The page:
• Variety is the Key
    • Avoid games where kids have to sit out and don’t make all your sessions competitive
  • Teach Skills & Demonstrate
    • Demonstrating a skill works much better than talking about it. If you can’t do it, find someone
      who can.
  • Involve Everybody
    • Always make sure there’s enough equipment or kit for all. Create small groups of children
      rather than one big group.
      Actions speak louder than words. Body language is important. Smiles and positive gestures work
  • Mind & Body
    • A grasp of how the body responds to exercise and training and an ability to adopt safe practices
      and prevent injury are important. So too is confidence building, goal setting, emotional
      control, concentration skills – coaches work on the mindset as well as the body.
  • Sense and Sensitivity
    • Some children take longer than others to learn so adopt your style accordingly. To keep
      children motivated it helps to be consistent, set achievable goals and give frequent feedback.
  • Take it from the Top
    • Lead by example and gain trust and respect. Coaches of children are role models and this
      carries responsibility. How you behave, dress and your attitude all set an example. If you
      adhere to consistent high standards this will rub off.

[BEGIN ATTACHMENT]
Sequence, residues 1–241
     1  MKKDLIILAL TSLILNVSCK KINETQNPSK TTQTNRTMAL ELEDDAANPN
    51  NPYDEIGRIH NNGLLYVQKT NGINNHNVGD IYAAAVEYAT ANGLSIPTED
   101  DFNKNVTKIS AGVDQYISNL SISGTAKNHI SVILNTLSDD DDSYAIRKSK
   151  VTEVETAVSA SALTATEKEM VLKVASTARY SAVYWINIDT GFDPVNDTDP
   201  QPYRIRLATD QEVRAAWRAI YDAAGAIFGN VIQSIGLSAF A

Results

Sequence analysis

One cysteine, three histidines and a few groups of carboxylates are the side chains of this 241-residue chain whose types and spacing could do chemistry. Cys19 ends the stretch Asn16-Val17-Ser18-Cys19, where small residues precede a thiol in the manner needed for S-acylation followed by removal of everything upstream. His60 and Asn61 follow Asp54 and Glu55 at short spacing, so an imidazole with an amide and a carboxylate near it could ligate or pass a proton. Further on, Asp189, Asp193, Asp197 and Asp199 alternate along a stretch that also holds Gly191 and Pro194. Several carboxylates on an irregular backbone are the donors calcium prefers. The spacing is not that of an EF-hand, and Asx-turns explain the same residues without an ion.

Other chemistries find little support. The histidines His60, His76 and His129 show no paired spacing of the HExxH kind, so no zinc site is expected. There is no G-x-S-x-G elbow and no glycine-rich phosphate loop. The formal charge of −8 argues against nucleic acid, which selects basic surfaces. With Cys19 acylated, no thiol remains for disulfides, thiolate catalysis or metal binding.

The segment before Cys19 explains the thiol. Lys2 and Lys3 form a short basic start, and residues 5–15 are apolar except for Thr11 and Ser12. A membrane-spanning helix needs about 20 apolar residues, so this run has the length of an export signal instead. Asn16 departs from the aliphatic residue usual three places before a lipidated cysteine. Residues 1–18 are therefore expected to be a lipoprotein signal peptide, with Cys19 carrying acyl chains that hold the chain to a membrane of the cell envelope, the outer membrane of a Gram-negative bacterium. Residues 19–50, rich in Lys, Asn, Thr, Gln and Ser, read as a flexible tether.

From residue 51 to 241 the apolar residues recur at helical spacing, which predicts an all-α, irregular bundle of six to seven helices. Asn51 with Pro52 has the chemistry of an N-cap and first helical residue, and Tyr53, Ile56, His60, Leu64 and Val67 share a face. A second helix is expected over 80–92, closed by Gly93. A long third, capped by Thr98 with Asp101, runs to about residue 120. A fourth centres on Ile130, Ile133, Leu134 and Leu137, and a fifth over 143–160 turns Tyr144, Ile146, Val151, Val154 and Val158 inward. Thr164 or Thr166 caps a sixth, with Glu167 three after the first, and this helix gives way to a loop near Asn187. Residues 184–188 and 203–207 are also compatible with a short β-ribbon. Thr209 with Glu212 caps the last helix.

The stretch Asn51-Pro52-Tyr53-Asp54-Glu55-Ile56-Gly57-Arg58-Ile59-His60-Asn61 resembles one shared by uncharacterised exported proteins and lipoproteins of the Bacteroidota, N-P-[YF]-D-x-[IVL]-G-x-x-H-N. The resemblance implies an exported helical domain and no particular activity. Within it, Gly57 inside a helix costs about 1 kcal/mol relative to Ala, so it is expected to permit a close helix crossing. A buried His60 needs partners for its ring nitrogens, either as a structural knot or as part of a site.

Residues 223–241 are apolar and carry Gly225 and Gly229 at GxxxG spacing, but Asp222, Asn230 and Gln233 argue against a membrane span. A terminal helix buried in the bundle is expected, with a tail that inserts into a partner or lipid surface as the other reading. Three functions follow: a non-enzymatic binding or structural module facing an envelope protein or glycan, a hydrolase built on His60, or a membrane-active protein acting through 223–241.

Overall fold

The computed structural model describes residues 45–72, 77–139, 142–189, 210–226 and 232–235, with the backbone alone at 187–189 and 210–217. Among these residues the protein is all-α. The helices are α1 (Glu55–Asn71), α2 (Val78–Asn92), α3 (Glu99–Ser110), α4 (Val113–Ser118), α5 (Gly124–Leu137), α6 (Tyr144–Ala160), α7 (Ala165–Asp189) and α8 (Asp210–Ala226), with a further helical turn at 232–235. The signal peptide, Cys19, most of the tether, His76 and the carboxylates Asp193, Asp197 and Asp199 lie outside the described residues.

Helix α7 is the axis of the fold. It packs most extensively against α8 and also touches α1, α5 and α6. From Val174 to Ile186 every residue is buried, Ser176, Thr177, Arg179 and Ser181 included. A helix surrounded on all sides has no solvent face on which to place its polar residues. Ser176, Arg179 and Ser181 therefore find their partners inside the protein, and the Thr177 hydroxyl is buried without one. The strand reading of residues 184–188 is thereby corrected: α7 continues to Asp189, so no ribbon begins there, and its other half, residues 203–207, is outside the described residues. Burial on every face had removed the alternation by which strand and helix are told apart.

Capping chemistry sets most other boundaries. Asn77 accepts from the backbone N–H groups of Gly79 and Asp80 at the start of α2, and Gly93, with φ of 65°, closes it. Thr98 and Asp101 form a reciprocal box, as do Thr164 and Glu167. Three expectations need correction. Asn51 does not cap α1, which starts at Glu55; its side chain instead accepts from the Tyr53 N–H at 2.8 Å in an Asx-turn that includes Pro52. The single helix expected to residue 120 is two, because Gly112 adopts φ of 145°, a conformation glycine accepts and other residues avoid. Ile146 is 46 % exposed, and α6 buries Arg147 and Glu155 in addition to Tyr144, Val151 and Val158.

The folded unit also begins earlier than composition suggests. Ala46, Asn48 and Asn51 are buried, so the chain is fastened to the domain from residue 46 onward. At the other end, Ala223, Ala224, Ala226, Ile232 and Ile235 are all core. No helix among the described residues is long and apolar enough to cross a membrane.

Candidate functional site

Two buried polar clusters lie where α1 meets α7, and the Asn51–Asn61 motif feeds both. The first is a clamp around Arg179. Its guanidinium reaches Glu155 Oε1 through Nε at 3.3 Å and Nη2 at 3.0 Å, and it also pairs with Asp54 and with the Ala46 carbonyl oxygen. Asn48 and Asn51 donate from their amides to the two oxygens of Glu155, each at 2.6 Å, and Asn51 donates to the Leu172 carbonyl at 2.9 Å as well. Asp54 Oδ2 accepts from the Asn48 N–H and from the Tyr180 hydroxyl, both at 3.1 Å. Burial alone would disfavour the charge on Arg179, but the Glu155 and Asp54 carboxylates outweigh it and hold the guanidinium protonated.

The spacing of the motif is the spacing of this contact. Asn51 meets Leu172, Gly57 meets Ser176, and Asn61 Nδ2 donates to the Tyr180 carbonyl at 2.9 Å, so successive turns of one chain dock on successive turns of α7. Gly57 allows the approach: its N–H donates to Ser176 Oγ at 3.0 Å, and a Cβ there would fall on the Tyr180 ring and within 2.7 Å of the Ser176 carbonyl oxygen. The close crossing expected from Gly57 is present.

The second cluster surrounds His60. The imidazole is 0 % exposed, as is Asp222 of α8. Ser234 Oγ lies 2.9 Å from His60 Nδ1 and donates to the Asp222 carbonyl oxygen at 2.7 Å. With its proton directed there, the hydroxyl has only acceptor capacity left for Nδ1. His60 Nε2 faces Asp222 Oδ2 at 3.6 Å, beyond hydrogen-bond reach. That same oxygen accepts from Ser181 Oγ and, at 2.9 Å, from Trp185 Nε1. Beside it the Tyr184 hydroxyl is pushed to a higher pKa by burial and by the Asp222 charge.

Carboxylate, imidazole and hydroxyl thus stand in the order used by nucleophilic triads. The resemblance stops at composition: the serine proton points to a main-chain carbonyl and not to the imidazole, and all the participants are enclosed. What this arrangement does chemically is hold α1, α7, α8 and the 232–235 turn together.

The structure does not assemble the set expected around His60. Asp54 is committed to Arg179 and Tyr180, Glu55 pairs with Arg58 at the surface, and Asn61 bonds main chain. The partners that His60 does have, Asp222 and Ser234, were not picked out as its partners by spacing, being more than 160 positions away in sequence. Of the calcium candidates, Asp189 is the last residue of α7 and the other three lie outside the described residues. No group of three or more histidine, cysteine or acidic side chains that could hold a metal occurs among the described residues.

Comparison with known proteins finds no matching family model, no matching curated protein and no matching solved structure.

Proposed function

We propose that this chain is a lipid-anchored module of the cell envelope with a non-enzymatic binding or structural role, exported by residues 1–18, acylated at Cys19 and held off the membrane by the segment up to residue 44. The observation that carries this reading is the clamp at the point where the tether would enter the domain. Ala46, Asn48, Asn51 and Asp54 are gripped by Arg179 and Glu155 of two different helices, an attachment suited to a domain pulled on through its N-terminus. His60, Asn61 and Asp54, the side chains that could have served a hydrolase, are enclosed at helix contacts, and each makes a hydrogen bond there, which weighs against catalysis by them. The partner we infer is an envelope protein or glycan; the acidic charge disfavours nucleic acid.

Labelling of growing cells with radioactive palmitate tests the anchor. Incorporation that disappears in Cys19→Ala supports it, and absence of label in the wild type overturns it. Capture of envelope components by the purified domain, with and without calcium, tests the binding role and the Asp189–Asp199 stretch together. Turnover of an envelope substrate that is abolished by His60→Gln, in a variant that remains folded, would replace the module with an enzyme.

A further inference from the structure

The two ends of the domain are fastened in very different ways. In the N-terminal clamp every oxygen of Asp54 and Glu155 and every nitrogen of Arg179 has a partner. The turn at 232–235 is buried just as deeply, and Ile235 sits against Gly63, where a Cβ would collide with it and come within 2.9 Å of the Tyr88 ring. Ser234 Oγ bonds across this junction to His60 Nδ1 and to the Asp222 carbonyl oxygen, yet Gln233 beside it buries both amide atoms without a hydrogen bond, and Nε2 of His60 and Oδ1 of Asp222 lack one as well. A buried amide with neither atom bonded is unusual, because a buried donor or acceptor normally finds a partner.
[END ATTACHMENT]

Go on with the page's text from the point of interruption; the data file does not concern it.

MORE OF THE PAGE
Thanks to home town hockey for this great article


Hockey Practice vs Hockey Game



published with permission from Home Town Hockey

Many hockey players and parents have questioned whether hockey games or practices help a player develop more? Take a look at the stats below and you will know which is better.

One of the biggest issues surrounding the development of hockey players is the number of practices they have compared to the number of games they play. An ideal, realistic ratio is 2 practices for every 1 game played for ages 7 – 13. While some associations have no problem in meeting the recommended ratio, others have great difficulty in finding enough ice time meet this practice to game ratio. Are games really necessary, or all they are cracked up to be? Not when you look at the stats below, especially if you are trying to develop skills.